• The Maltese Falcon (1941) dir. John Huston -- One of the most radical concepts in filmmaking is to be found here: "just film the book". One of the most faithful adaptations of a book to screen, this has got to be one (if not THE) greatest private eye movies ever made. Humphrey Bogart IS Sam Spade: hardboiled detective. Huston assembles a cast to die for: duplicitous Mary Astor, fey Peter Lorre, guffawing Sidney Greenstreet, twitchy Elisha Cook Jr. Hell, Huston even manages to sneak his dad into an unbilled cameo; that's great actor Walter Huston who staggers in with the "bundle" containing the black bird. Infinitely better than the original version starring Ricardo Cortez or the SECOND earlier remake SATAN MET A LADY starring a young Bette Davis, few detective movies can touch this one. It's simply the stuff that dreams are made of.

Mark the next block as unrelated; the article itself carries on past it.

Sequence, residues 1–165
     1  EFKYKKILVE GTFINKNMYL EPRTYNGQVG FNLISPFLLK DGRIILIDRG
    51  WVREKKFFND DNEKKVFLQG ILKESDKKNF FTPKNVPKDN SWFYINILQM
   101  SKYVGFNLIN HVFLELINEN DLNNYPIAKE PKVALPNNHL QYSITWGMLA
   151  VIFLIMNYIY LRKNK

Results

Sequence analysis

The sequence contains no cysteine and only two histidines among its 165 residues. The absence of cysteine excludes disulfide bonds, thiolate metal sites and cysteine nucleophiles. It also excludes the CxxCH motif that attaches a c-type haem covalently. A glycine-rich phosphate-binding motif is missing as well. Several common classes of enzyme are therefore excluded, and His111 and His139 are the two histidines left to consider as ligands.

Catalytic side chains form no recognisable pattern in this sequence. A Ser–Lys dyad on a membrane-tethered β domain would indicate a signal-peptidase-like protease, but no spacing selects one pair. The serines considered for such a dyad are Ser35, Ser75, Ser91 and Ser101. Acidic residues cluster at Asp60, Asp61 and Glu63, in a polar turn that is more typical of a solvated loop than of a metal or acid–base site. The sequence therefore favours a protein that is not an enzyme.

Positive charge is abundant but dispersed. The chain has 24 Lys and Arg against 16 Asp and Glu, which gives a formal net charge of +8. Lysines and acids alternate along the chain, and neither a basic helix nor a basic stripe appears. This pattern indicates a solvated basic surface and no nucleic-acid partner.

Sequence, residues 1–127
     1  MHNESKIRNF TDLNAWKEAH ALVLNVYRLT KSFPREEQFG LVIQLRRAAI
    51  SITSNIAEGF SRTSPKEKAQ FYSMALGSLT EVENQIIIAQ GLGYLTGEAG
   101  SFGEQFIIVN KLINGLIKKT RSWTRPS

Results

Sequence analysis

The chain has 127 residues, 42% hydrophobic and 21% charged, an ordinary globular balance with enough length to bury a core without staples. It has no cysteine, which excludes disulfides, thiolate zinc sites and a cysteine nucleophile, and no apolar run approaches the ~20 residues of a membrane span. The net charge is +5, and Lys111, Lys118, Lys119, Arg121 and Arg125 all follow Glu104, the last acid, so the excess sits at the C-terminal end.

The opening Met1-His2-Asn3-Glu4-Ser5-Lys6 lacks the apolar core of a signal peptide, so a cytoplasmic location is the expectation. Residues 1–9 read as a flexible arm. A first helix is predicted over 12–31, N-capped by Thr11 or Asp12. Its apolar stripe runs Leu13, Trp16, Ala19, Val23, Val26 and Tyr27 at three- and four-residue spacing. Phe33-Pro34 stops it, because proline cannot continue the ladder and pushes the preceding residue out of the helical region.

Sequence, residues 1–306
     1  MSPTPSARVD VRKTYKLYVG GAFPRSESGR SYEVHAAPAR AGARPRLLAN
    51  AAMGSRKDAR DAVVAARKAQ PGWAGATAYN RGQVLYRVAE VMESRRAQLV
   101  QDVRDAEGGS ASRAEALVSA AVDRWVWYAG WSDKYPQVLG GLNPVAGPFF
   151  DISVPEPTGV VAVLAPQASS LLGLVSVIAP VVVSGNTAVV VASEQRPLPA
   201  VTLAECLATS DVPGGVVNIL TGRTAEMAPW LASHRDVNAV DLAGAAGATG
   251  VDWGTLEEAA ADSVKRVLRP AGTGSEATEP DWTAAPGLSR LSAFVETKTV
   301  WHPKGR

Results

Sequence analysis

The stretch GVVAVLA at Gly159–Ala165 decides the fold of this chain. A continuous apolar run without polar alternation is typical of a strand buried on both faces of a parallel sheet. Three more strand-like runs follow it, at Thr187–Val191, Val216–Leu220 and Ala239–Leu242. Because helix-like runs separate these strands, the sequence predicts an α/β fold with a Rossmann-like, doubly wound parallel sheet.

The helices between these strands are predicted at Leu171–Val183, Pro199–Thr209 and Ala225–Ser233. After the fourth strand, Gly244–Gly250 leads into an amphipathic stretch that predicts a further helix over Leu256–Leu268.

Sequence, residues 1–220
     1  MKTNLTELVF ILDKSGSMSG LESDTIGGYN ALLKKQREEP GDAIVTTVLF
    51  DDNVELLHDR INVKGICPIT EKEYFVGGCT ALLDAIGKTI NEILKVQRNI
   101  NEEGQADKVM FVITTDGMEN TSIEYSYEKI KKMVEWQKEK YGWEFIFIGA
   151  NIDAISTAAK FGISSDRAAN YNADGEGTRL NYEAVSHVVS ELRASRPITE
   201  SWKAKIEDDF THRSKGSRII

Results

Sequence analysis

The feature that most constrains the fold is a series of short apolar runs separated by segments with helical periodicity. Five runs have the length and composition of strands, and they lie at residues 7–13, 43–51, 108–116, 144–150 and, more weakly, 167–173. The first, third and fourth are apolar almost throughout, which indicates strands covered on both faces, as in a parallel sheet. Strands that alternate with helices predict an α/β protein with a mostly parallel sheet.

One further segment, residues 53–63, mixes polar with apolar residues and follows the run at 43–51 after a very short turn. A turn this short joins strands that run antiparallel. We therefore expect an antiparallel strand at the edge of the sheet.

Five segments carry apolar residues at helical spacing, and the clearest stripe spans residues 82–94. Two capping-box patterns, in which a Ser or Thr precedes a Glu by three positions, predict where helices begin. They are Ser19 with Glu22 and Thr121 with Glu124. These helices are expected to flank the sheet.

• Citizen Kane (1941) dir. Orson Welles -- Routinely called "the greatest film ever made" it's kinda hard to argue with that. Wunderkind Orson got the ultimate set of toy trains and ran with it. Groundbreaking cinematography and a fascinating story cheekily based on the real life of William Randolph Hearst. Welles' Mercury Theater crew (Agnes Moorehead, Joseph Cotten, George Coulouris, etc.) is on hand to provide excellent performances throughout. The film is filled with more great directorial touches than I can mention here.